OSLO, NORWAY — The United Nations World Food Programme (WFP) was awarded the Nobel Peace Prize for 2020 “for its efforts to combat hunger, for its contribution to bettering conditions for peace in conflict-affected areas and for acting as a driving force in efforts to prevent the use of hunger as a weapon of war and conflict.”
The announcement was made on Oct. 9 by the Norwegian Nobel Committee.
The WFP is the world’s largest humanitarian organization addressing hunger and promoting food security. In 2019, the WFP provided assistance to close to 100 million people in 88 countries who are victims of acute food insecurity and hunger. More recently, the organization has stepped up to provide assistance during the global coronavirus (COVID-19) pandemic, which has contributed to an upsurge in the number of victims of hunger in the world.
In the face of the pandemic, the WFP “has demonstrated an impressive ability to intensify its efforts,” the Norwegian Nobel Committee said, adding that the WFP has taken the lead in combining humanitarian work with peace efforts through pioneering projects in South America, Africa and Asia.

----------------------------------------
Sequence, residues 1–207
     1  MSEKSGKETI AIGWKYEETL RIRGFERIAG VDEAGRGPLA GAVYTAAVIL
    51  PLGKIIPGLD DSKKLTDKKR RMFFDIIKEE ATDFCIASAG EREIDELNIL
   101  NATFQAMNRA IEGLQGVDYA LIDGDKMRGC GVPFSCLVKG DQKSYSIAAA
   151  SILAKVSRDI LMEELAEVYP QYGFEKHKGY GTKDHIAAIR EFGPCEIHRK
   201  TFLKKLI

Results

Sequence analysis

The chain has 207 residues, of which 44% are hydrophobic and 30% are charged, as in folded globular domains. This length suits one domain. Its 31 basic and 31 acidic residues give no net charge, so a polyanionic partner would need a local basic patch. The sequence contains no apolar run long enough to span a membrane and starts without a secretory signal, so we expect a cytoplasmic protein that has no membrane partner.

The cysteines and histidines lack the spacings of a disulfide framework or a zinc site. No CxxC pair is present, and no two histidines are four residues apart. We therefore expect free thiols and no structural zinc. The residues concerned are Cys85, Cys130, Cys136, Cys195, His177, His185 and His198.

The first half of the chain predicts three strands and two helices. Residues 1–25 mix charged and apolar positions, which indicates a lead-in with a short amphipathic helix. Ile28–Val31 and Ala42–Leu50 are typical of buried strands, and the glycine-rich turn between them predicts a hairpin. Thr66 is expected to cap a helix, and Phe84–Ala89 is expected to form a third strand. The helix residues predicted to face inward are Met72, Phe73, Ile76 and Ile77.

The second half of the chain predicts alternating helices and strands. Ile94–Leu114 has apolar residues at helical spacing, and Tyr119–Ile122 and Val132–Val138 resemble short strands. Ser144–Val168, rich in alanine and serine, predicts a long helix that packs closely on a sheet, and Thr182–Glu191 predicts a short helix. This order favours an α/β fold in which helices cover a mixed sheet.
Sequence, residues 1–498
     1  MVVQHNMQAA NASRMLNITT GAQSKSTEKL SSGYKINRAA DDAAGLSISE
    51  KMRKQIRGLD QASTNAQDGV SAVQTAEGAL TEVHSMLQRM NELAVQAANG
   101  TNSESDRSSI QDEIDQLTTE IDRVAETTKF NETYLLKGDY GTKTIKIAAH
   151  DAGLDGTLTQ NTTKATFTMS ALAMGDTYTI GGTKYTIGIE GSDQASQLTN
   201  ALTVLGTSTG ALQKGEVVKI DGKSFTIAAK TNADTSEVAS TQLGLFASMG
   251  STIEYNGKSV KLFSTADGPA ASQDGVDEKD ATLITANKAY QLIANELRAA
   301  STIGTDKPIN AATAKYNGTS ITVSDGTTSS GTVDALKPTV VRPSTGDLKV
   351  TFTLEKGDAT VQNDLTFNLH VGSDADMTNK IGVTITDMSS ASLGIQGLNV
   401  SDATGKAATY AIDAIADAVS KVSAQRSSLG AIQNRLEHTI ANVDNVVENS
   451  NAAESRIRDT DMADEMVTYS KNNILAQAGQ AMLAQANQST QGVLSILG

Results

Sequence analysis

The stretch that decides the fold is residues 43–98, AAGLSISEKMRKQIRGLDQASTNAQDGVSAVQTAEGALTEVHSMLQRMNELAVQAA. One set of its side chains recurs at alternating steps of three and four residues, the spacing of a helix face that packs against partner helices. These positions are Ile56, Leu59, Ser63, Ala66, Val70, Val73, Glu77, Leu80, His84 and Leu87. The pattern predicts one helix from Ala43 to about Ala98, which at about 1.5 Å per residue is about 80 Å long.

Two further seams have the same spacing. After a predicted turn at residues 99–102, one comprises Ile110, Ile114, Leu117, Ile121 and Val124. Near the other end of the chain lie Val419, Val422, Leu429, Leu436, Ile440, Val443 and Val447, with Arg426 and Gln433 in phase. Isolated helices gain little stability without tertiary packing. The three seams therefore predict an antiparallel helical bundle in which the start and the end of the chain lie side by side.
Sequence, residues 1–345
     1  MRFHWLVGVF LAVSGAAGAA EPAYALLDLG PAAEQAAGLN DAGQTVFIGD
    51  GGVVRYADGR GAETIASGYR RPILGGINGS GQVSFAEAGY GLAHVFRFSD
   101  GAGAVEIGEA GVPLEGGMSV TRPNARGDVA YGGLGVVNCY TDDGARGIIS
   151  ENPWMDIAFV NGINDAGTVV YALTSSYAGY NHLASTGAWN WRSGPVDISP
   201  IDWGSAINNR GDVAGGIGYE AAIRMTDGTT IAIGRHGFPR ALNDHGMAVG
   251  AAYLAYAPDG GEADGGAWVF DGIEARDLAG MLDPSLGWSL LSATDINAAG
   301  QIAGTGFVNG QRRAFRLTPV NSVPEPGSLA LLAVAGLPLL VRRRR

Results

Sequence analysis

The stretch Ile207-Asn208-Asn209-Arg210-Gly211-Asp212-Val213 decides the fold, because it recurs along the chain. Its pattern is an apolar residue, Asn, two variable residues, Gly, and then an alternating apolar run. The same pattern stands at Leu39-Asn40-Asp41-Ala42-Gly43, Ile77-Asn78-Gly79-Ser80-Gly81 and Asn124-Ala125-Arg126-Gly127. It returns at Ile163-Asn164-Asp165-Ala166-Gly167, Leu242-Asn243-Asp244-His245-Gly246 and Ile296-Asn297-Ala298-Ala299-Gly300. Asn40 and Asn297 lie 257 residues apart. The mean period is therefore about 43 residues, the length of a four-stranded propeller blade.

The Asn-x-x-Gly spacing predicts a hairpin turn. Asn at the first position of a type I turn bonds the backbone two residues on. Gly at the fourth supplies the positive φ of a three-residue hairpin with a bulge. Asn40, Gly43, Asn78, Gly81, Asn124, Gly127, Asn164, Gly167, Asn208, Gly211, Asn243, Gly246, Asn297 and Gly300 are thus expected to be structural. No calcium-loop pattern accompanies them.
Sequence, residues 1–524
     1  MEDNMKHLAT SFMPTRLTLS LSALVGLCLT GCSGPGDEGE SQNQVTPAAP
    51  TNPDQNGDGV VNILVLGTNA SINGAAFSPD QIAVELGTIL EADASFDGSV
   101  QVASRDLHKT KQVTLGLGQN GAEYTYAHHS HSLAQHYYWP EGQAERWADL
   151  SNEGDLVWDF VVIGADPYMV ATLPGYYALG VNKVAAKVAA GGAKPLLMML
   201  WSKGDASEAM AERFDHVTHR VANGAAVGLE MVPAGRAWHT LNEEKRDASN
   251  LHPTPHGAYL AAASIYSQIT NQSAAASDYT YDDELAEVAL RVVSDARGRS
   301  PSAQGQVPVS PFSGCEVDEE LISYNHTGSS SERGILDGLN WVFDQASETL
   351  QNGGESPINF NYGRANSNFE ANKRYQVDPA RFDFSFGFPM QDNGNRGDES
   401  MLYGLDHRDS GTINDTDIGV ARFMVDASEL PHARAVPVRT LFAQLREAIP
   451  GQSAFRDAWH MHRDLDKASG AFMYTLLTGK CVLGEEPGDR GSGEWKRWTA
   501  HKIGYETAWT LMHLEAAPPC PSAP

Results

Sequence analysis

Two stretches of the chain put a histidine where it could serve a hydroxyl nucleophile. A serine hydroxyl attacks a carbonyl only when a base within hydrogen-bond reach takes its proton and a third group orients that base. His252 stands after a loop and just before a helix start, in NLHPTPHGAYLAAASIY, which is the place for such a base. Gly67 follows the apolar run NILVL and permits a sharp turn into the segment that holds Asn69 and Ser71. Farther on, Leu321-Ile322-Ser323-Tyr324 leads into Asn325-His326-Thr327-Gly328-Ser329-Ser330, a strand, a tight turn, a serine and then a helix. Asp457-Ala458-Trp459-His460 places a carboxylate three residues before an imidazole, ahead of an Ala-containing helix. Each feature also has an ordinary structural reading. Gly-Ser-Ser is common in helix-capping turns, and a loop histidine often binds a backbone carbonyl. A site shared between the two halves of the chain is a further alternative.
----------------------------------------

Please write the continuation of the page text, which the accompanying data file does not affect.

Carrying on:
“With this year’s award, the Norwegian Nobel Committee wishes to turn the eyes of the world toward the millions of people who suffer from or face the threat of hunger,” the Norwegian Nobel Committee said. “The World Food Programme plays a key role in multilateral cooperation on making food security an instrument of peace, and has made a strong contribution towards mobilizing UN Member States to combat the use of hunger as a weapon of war and conflict. The organization contributes daily to advancing the fraternity of nations referred to in Alfred Nobel’s will. As the UN’s largest specialized agency, the World Food Programme is a modern version of the peace congresses that the Nobel Peace Prize is intended to promote.
“The work of the World Food Programme to the benefit of humankind is an endeavor that all the nations of the world should be able to endorse and support.”
David Beasley, executive director of the WFP, called the awarding of the Nobel Peace Prize “a humbling, moving recognition of the work of WFP staff who lay their lives on the line every day to bring food and assistance for close to 100 million hungry children, women and men across the world.”
“The Nobel Peace Prize is not WFP’s alone,” Beasley said. “We work closely with government, organizations and private sector partners whose passion for helping the hungry and vulnerable equals ours. We could not possibly help anyone without them. We are an operational agency and the daily work of our staff each day is driven by our core values of integrity, humanity and inclusion.
“Where there is conflict, there is hunger. And where there is hunger, there is often conflict. Today is a reminder that food security, peace and stability go together. Without peace, we cannot achieve our global goal of zero hunger; and while there is hunger, we will never have a peaceful world.”